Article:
Methadone maintenance is essentially the use of methadone over a period of time for the treatment of individuals who are addicted to opioid drugs such as heroin. In more formal terms the central aim of methadone maintenance is defined as follows: "Methadone maintenance treatment (MMT) can help injection drug users (IDUs) reduce or stop injecting and return to productive lives" (METHADONE MAINTENANCE TREATMENT, 2002)
There is still however a certain degree of debate and contention about this form of treatment. The controversy around the use of methadone will be included in this overview of research and the benefits and concerns surrounding this form of treatment.
Overview: Benefits and Treatment Concerns
There are an increasing number of people addicted to drugs like heroin in the United States. It is estimated that about 980, 000 people are addicted to heroin as well as other opiates. Furthermore, it is estimated that five to ten thousand of these users die from drug overdoses each year. (METHADONE MAINTENANCE TREATMENT, 2002) This figure includes addiction to other types of opiates, such as oxycontin, dilaudid, and hydrocone Users of these substances run a very high health risk and can also suffer from diseases such as hepatitis and even premature death.
This form of drug abuse also has a very high financial cost. As one study on the subject notes, "A 1997 National Institutes of Health (NIH) report estimated the financial costs of untreated opiate addiction at $20 billion per year" (METHADONE MAINTENANCE TREATMENT, 2002). These costs do not include the social and emotional costs to families and communities as a result of this form of drug abuse.
According to figures for 2008, there were about 260,000 individuals in the United States receiving Methadone Maintenance Treatment of MMT (KLeber, 2008, p.2303). However, this is not the case in many other countries and regions of the world and in Russia for example, there is strong government opposition to this form of treatment. It is argued in some quarters that the use of methadone"... replaces one form of opiate addiction with another" (Schwirtz 2008).
On the other hand, numerous reports also state that methadone maintenance as means of dealing with this form of drug addiction has been extremely successful. For example, an article entitled Thousands of Lives Saved But Still Controversial by Kleber (2008) states that, "A combination of the methadone treatment and a comprehensive program of rehabilitation was associated with marked improvement in patient problems such as jobs, returning to school, and family reconciliation. No adverse effect other than constipation was found" (KLeber, 2008, p.2303).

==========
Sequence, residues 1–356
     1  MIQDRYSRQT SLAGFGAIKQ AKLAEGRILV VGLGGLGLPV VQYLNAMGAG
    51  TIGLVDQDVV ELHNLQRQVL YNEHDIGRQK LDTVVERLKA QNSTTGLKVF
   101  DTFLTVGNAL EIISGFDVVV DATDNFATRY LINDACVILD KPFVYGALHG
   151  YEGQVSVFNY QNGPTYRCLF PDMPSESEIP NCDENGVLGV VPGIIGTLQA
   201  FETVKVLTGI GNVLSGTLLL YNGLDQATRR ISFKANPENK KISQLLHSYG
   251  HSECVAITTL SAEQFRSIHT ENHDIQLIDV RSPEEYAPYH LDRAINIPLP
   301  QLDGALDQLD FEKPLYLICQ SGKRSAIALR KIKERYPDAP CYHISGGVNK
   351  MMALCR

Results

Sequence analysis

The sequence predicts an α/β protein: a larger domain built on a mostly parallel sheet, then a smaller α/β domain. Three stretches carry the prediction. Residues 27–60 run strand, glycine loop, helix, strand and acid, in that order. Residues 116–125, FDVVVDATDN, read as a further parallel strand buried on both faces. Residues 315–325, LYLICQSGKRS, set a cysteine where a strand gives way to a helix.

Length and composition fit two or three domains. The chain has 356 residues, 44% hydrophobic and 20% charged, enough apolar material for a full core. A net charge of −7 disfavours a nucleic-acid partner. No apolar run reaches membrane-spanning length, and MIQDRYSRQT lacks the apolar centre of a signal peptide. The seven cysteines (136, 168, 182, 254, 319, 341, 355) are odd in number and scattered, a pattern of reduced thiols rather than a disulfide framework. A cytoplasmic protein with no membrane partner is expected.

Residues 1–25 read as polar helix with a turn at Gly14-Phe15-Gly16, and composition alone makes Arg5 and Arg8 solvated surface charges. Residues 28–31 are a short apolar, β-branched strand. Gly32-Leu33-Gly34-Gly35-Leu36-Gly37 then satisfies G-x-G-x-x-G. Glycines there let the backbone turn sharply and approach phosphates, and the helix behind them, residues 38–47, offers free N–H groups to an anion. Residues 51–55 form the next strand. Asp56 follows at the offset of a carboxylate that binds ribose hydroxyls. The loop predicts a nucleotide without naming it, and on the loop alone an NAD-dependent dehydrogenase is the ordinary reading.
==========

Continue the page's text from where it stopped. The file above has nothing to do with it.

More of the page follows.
Methadone is essentially a synthetic agent which functions by acting on the various receptor sites in the brain that are commonly affected by heroin and other opiates (METHADONE MAINTENANCE TREATMENT, 2002). It functions by blocking the effects of the opiates as well relieving the craving for the drug, which is the major cause of a relapse and continuation of the drug abuse (METHADONE MAINTENANCE TREATMENT, 2002). It is also extremely effective in reducing the symptoms that are linked to withdrawal from heroin and other opiates. A further positive factor associated with methadone maintenance is that it, "… does not cause euphoria or intoxication itself (with stable dosing), thus allowing a person to work and participate normally in society... "( Narcotic Treatment Clinics). This treatment therefore results not only in stopping the addict from further addiction but also leads to the resolution of various related health and social problems caused by this form of drug abuse.
The use of methadone to treat drug addiction initially began in the 1960s. This was, and largely still is, seen not as an isolated treatment but to be used in conjunction with a program of treatment. These programs are multivalent and also include aspects such as re-socialization and vocational training.
However, controversy has raged about this form of treatment. It has been adversely linked to the milieu of drug usage and has, in some cases, been seen in a negative context. As one study notes:
Neighborhood groups often oppose a new clinic because they assume it will lead to higher rates of drug use and crime (studies show these rates actually go down). And those favoring a "drug-free" approach…